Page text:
1 Answer | Asked in Military Law for Indiana on
Answered on Dec 3, 2018
Angelina Bradley's answer
The only way to be dishonorably discharged is if it is awarded at a general court martial. Is it possible? Yes. Each missed drill is an Unauthorized Absence. They could choose to refer the charges to court-martial.

More likely is that they’ll administratively separate you, asking for either a General or Other Than Honorable discharge.

If they’re offering you to makeup your drills, you should ask if they’re going to make those UAs into AAs or if they’re just going to...

Q: How can I get CS enforced if deadbeat has filed Ch13 bankruptcy, receiving 90% VA benefits of 2200/mo &$10k in arrears ?

1 Answer | Asked in Bankruptcy, Military Law and Family Law for Alabama on
Answered on Dec 3, 2018
Timothy Denison's answer
Hire a collection or family law attorney who can collect it for you. Bankruptcy does. It stay the collection norenforcement of domestic support obligations.

Q: If I joined the military at 17, am I emancipated in the state of Ohio?

1 Answer | Asked in Family Law and Military Law for Ohio on
Answered on Dec 3, 2018
Joseph Jaap's answer
Not necessarily. See this link for information.

https://www.ohiobar.org/public-resources/commonly-asked-law-questions-results/circumstances-say-whether-minors-are-emancipated/

Q: Do I have to provide my LES to my civilian employer after each drill?

2 Answers | Asked in Employment Law and Military Law for New York on
Answered on Nov 27, 2018
V. Jonas Urba's answer
Have you asked HR why they need it? There might be a very legitimate reason and if they are requiring that from all reservists why object? If you needed a workplace accommodation and your employer kept requesting more and more clarification from your physician would you not have to provide that; within reason?

Q: Joining the Army, but bump in the road. What should I do? Please read carefully

1 Answer | Asked in Military Law for Maryland on
Answered on Nov 15, 2018
Joseph D. Allen's answer
It wouldn't help anything to lie about the previous incident. If you know the name of the Navy recruiter, it is odd that they can't find him/her. However, it is very unlikely they would support your story and admit they told you to lie, even if they found them. What doesn't add up here is why you apparently told other recruiters about the Navy issue, but not the Army recruiter looking at your file. Anyhow, you may be ultimately unsuccessful in joining the Army- but the best bet seems to be...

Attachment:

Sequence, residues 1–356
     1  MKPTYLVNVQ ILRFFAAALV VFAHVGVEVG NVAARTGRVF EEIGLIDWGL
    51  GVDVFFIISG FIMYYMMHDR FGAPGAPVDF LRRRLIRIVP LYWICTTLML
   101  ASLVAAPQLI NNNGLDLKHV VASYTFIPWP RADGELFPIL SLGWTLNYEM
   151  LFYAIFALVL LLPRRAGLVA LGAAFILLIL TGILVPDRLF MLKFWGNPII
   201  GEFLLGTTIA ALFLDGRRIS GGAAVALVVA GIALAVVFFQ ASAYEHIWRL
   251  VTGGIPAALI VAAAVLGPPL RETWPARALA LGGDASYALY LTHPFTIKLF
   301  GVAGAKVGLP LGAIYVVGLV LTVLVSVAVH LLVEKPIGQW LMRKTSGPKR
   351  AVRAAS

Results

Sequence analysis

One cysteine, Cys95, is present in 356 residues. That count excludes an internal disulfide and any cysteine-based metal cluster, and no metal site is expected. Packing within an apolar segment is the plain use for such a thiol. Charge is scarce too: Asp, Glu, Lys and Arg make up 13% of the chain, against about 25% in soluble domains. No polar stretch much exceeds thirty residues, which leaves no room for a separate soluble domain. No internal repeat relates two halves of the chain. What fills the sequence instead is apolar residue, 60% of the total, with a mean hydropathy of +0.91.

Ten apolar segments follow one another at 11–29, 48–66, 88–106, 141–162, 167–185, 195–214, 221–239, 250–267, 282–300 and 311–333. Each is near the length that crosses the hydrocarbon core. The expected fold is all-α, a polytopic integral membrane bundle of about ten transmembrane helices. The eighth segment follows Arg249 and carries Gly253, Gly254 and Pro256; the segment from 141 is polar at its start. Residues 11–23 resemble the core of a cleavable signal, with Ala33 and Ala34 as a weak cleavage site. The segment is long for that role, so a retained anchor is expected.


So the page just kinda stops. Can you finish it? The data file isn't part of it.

Q: My gay son was discharged from the army and refuses to tell me what happened. Think I need to hire a lawyer for him?

1 Answer | Asked in Military Law for Texas on
Answered on Nov 2, 2018
Angelina Bradley's answer
What would you want to hire the attorney for? In the discharge process, your son should have been notified he had the right to consult with an attorney, and, if the discharge characterization was Other Than Honorable or he’d been serving more than 6 years, he would have been offered a hearing and an attorney.

There’s not enough information here to know what service an attorney would provide. Discharge characterization upgrade? Records correction? You — or better, your son — are...

Q: Can I get out of the Navy Reserves if I need to help out family more

1 Answer | Asked in Military Law for California on
Answered on Oct 23, 2018
Angelina Bradley's answer
Hello. Yes, you can ask for a hardship separation from the Naval Reserve. Depending on where you are in your contract, you can also request to be transferred to the IRR so your drilling requirement would be eliminated -- you'd just have an annual check-in (and you'd still be subject to recall to active duty).

Please feel free to reach out for a consult. I do this sort of work often, and I am also here in San Diego (don't let the number fool you): 323-487-1171.